Class #15: Stop Motion Character Performance (Stan Winston School Diary #12)

Mark Sawicki (Gangs of New YorkEternal Sunshine of the Spotless Mind) returns to guide us through the beginnings of stop motion animation! He references what you should have learned his previous class, Mirror Magic, in bits of this. Be sure to start with that class before starting on this one.

Stop motion within the classes offered gets broken up into over a handful of lessons, most of them over five hours long. If like me you are on the four classes per month plan, you have time to fill your bored moments. Stop Motion Character Performance, the beginner stop motion class I am writing about today, is the shortest at just under one hour and a half.

The program Mr. Sawicki uses in the lesson is Window based software named Stop Motion Pro. To run it on any Apple computer, you have to run Windows on your MacBook. Not a fan of Windows? No worries. You can adapt most of the skills within the lesson onto any program. Camtasia, Final Cut Pro, or iMovie will work fine with some manipulation on the how to rules and proper care. Or buy a separate cheaper Windows based laptop if you plan on doing this full time! I myself hate running Windows on any Mac. A doctor I know installed it on all his expensive Mac desktops across all his office locations because his staffers feared learning new accounting and appointment booking software. Grrrrrr! If I were going to only focus on stop motion, I would probably buy a new HP laptop exclusive to stop motion goodies.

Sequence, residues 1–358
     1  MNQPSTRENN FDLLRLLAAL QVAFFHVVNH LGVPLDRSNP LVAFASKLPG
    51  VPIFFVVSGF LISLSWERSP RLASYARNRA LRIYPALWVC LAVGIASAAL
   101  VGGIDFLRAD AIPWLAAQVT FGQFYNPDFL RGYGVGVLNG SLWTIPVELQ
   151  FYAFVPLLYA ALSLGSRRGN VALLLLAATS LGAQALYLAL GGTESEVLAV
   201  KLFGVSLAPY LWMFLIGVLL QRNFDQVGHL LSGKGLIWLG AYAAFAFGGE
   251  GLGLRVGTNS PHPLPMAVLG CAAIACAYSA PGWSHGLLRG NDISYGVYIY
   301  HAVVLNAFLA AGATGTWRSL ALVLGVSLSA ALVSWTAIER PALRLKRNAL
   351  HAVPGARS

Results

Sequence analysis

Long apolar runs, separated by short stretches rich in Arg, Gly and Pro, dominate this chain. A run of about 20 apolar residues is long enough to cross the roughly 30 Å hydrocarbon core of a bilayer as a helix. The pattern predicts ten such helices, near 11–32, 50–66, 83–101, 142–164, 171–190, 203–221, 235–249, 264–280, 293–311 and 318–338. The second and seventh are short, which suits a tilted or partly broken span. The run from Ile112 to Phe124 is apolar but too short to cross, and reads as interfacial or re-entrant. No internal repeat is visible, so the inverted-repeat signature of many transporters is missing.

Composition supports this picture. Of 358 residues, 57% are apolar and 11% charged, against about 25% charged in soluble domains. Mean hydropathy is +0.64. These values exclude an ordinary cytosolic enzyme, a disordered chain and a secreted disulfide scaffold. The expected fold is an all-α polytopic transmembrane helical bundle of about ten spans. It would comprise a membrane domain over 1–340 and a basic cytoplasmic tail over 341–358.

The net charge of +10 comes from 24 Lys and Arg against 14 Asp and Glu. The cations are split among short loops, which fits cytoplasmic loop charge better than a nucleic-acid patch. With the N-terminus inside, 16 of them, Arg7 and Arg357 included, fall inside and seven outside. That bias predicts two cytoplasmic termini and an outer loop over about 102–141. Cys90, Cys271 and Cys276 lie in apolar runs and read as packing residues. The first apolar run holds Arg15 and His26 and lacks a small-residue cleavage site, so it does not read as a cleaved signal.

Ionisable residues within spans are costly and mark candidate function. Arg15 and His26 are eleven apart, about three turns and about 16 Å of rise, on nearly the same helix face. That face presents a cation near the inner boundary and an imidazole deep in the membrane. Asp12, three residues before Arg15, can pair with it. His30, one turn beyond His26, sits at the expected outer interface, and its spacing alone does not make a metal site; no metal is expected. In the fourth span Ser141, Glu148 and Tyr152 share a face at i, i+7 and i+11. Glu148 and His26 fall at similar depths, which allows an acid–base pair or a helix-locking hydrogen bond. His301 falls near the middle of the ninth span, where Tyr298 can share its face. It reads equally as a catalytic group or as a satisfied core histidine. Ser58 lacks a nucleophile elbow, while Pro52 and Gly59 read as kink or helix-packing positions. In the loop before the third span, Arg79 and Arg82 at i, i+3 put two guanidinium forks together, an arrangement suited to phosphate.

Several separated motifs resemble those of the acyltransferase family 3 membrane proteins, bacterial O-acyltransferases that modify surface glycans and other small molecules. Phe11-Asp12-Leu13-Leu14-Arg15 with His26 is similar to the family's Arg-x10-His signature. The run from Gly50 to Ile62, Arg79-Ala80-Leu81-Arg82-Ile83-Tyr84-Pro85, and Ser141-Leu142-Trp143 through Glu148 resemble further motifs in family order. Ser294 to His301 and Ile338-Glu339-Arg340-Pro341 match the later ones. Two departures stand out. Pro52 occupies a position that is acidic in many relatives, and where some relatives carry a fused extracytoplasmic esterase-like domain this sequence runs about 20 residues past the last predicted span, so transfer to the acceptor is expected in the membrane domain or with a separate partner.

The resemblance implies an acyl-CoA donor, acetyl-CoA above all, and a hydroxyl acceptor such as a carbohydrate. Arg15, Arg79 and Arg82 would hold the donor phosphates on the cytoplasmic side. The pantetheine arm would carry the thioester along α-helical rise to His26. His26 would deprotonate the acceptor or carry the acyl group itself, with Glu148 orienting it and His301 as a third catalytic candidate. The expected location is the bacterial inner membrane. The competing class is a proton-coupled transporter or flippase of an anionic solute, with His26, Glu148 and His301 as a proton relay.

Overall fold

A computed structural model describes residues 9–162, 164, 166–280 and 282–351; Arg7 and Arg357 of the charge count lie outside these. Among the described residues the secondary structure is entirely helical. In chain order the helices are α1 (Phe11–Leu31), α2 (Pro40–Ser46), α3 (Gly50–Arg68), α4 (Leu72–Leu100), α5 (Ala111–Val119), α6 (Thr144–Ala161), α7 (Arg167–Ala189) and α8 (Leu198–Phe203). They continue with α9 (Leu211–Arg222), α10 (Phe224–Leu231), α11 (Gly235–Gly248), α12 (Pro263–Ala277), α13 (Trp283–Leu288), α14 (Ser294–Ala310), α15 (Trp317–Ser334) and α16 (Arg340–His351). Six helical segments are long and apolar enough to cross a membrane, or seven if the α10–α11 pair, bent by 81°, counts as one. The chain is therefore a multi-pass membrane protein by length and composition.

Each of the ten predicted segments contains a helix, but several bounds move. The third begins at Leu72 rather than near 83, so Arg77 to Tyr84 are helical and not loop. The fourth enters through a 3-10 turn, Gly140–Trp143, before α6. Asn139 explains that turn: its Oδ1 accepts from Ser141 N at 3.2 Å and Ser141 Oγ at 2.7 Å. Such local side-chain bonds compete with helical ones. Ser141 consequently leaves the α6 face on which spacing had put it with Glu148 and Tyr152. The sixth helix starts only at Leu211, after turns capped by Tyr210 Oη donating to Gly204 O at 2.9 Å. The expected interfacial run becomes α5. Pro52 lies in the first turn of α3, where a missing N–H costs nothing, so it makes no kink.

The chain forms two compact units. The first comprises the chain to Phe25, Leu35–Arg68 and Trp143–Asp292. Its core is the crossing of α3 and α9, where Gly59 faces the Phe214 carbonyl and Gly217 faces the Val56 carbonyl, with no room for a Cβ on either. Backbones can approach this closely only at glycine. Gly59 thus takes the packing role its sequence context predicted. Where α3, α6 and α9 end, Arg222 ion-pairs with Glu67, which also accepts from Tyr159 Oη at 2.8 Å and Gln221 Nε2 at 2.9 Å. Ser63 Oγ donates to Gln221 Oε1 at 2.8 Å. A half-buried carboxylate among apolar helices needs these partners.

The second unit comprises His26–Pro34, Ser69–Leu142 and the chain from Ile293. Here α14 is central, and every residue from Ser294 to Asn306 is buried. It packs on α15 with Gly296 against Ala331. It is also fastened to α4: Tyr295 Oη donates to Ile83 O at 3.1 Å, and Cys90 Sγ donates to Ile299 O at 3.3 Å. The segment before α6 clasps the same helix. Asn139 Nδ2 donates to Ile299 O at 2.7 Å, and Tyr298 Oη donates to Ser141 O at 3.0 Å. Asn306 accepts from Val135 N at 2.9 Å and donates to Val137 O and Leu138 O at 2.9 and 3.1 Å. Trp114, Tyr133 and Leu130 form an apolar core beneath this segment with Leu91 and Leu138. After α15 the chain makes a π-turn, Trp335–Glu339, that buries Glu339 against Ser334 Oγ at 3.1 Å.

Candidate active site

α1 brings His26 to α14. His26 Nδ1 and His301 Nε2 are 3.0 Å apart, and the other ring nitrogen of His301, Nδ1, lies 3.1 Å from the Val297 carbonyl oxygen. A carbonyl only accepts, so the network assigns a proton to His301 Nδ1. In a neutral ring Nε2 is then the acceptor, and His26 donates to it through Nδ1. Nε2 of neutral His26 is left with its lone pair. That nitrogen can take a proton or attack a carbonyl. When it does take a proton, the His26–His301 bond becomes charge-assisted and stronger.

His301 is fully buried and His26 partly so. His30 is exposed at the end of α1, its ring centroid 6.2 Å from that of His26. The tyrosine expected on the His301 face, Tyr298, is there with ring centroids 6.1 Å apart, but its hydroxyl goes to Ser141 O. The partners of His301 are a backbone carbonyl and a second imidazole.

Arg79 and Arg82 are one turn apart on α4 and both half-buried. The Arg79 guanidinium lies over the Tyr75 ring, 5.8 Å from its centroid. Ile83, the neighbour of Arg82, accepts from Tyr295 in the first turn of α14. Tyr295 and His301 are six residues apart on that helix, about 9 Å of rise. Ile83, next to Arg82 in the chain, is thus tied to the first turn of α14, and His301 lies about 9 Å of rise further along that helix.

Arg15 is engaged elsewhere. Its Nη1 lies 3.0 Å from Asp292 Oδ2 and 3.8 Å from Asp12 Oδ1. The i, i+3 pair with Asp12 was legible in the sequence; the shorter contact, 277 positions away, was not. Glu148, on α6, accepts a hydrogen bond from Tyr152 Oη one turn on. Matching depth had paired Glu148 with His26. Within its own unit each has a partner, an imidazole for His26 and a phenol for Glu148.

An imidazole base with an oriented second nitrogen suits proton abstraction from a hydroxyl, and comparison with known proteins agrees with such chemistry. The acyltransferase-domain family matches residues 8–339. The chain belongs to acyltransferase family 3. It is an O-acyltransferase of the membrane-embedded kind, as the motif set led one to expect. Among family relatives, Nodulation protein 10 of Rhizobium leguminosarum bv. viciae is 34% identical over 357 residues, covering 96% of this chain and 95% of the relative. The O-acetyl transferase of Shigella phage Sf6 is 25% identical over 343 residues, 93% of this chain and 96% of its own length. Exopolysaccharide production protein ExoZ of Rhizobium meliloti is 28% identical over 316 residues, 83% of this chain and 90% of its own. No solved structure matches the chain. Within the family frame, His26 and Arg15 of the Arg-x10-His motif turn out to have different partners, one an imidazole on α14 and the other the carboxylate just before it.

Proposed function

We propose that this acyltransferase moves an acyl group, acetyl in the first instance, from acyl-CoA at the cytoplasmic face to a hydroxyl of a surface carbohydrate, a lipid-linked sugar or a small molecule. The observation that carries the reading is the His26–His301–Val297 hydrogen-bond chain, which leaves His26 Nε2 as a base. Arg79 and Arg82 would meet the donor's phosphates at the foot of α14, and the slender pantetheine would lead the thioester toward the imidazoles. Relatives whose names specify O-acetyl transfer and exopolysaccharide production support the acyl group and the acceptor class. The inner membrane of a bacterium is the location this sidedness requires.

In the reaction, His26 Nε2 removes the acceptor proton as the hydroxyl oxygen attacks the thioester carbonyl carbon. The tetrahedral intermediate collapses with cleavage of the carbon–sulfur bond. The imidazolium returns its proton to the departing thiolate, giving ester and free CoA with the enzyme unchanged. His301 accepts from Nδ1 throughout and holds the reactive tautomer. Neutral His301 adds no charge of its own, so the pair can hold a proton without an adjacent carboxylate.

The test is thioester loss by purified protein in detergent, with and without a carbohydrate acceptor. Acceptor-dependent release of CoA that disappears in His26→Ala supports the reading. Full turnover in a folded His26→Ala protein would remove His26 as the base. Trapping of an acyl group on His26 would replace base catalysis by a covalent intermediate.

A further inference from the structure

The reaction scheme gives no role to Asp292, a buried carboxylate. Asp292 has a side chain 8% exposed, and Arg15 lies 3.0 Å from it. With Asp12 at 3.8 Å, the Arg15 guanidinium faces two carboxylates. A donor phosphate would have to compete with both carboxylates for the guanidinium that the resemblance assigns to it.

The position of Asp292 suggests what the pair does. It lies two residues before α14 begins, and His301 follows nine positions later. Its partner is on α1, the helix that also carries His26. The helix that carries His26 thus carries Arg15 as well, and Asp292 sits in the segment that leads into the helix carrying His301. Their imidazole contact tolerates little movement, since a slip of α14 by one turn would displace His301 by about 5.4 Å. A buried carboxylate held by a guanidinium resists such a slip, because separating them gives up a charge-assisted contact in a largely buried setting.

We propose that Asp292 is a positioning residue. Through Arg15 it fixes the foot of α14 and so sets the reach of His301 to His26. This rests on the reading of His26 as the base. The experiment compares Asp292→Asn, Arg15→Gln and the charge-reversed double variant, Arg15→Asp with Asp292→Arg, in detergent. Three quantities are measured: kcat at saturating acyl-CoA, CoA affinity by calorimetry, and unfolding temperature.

Mr. Sawicki starts out with a Terminator figurine he purchased online proving you can animate with anything. The goal: using stop motion animation blended into the live action footage as James Cameron did, with helpful modern interventions Mr. Cameron didn’t have at the time. Camille, the actress from our Mirror Magic class, pops into Sarah Connor’s role for a brief re-enactment. Hey Terminatorfans! The moment you’ve been waiting for arrives. We begin digging into the how to’s of the film franchise. We better learn Stan Winston’s methods, hey, or it shouldn’t be called the STAN WINSTON School. Here we go. Mr. Sawicki corrects any mistakes that could show up on camera under lighting, guides Camille into a realistic performance, and the metal Terminator skeleton shows us how it’s done like the stop motion bad guy he is. Or rather, Mr. Sawicki guides us in this simple introductory lesson to stop motion.

If anything, I have a tremendous appreciation through the ceiling now of the work done on the original two Terminatorfilms. Always, honestly, from seeing the work in old behind the scenes videos. And now, limitless admiration. Mr. Sawicki tells us, Mr. Cameron asked for four takes of every animation sequence! How much do you gamble the FX crew members began the film with full heads of hair and went bald by the final day?

The other theme of this lesson: using real people, or animals if you choose, for guiding your stop motion character’s movements. Camille the actress becomes our guide for the Terminator.

I have a way to go before getting through the rest of the stop motion animation lessons. Things have a way of circling around. Whatever you learn, you wind up using when you don’t think about it working with the same or other techniques. The goal is to make a stop motion short using all of the material I learn. Can I say it enough? We learn by doing!